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'An aphorism, properly stamped and molded, has not been "deciphered" when it has simply been read; rather one has then to begin its interpretation, for which is required an art of interpretation.' -- Nietzsche, 'On the Genealogy of Morals'

vitalism, healthcare, medicine « Previous | |Next »
January 07, 2006

As I mentioned earlier chiropractic has been known as a vitalistic health care approach, as opposed to the mechanistic paradigm adopted by the medical profession. This is so even though, for many years, in an attempt to mimic the medical profession, some chiropractors have abandoned the vitalistic character of chiropractic in favor of one focused on musculoskeletal treatment only.This quote sums this situation up:

I find it interesting that chiropractic was developed on vitalistic principles, and somewhere along the way that principle was replaced by musculoskeletal therapy. As a result of this shift the public largely views chiropractic as offering musculoskeletal pain therapy only. At a grass-roots level, chiropractors like myself have to work our butts off re-educating the public of the true potential of chiropractic."

If vitalism is an integral part of chiropractic healthcare, then what is 'the vitalistic character' of chiropractic health care? What does vitalism mean? Is vitalism part of an old 19th century debate that has been left behind by recent developments in biology?

We know that vitalism means the mechanism vs. vitalism debate, and that mechanism meant that the universe was a giant machine, set into place by mere chance and sheer accident, and that there was no purpose in nature, and no design of nature by God. We know that vitalism is a response to the flaws of the mechanistic models of the body that have dominated medicine.

What then is vitalism?

One account---the romantic one-- holds that vitalism is the notion that living organisms possess some unique quality, an élan vital, that gives them that special quality we call life. Does it mean a teleologist position that posits a mystical entelechy or life-force possessed by living things that constrain the action of living entities? On this account the actions of an organic entity that constitute teleological causation are governed by laws that transcend the laws governing mechanical process -- those atomic, molecular, and cellular processes which can be described entirely in the mode of mechanical causation.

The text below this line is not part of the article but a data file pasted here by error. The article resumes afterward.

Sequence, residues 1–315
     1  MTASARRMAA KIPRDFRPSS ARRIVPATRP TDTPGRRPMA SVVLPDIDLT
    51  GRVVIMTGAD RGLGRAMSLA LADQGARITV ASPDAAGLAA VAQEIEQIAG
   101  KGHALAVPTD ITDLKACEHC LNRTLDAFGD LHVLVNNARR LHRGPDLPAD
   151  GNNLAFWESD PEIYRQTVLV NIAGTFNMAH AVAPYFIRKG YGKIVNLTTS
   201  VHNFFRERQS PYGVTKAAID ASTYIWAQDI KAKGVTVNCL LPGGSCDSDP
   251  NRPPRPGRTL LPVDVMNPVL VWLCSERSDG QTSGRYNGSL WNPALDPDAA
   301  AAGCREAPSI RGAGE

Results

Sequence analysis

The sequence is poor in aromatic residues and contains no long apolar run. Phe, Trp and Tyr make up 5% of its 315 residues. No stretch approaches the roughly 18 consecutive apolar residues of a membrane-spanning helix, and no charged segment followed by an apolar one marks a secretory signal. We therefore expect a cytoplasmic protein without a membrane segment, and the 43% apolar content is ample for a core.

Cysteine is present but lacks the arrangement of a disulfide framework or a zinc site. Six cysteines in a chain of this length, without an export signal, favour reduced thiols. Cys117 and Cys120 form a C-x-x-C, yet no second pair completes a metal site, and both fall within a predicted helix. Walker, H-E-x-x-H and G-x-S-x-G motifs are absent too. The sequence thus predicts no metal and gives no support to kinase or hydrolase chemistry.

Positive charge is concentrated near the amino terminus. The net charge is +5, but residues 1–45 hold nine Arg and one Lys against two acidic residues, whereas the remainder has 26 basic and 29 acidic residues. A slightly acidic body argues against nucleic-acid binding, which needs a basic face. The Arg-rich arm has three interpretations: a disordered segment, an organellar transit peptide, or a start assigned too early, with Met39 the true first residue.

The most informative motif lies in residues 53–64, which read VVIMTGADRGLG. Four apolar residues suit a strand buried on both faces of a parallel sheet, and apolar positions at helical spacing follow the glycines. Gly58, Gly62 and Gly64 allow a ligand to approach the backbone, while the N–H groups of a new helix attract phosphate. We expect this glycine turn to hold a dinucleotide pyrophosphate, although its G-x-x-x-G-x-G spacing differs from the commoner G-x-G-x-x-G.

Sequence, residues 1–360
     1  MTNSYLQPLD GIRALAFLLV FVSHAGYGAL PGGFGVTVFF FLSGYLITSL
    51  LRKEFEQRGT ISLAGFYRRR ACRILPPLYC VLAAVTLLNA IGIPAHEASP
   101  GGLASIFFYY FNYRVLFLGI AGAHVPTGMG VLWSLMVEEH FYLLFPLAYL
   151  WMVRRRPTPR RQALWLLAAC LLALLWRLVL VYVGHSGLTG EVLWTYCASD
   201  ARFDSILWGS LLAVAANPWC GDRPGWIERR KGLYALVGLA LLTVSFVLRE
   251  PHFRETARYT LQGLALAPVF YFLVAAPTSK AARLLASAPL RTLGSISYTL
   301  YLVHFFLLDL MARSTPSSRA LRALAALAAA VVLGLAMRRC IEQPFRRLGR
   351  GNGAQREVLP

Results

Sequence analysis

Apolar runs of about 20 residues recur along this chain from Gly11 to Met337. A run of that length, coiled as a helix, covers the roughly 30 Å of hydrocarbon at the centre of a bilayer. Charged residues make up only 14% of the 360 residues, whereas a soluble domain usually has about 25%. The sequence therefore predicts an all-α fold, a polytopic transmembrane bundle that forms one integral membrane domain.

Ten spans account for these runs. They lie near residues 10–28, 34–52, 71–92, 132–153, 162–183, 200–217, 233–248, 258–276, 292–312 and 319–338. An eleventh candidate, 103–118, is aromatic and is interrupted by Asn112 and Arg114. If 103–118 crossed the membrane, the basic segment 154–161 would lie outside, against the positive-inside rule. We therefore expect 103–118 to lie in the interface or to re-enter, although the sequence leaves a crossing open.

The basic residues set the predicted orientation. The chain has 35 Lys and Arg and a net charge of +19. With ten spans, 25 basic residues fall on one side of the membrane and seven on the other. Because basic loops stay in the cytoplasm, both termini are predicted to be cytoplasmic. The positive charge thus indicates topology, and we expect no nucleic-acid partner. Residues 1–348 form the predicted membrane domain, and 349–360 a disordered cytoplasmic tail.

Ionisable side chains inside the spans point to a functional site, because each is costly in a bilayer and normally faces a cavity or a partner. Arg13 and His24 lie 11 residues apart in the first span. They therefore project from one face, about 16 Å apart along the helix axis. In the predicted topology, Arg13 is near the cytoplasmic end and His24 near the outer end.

The "life force" or "spark of life" that is separate from its physical existence is what demarcates living from non-living being. Illness is caused by a disturbance to the body's vital energy and the cure is to restore balance to the flow of vital energy.

Often this romantic conception is a part of a pantheistic world-view (ie., where God is the universe rather than being separate from it). Then vital energy is thought of as a natural life force that pervades nature or the universe. pantheist assumptions the flow of energy from an externalized source, (Universal Intelligence or God) An eternal "metamerized" portion of that intelligence, referred to as Innate, is needed by each individualized being. Although Innate is not localized, its seat of control is the brain. From the brain, Innate’s intelligence travels down the spinal cord, and from the spinal cord outward to the periphery.

That 19th century account indicates we are dealing with the philosophy of biology that accounts for the unitary nature of a living organism the philsophy of
and the history and philosophy of medicine. We can interpret vitalism as a reworking of the tradition of an organic metaphysics that can be traced backed to Aristotle, his conception of a purposive natureand an integrated functioning organism. It also suggests that there may be alternatives to vitalism within organic philosophy; that vitalsim is just one current within the organic tradition, the philosophical criticism of mechanism, and the application of mechanism to the human body.

We can dig this out by this kind of questioning. In what sense exactly is the whole organism more than the sum of its parts? Vitalists assert that some non-physical entity, force or field, must be added to the laws of
physics and chemistry to understand life. Organismic biologists maintain that the additional ingredient is the understanding of ‘organization’, organizing relations, or self-organizing.

Another account, that of emergentism addresses the elimination of teleology by mechanism. It holds that the capacity of an organic entity act in a goal-directed way is not a mystical property, but an emergent property of matter -- a property of biological entities qua organic unities. It is a property possessed by the entity as a whole, but it is not a property had by any of the parts. This understanding of the emergent property of being-a-goal-directed-entity is a reworking of Aristotle. Goal-directedness is a capacity of a living organism as a whole, a capacity that emerges from a complex interdependency among its parts, and a particular goal-directed (life-sustaining) action or process is the realization of an entity's capacity for goal-directed action (sustaining its life).

Hence vitalism is just one stand within the organc philosophical tradition.

| Posted by Gary Sauer-Thompson at 02:21 AM | | Comments (0)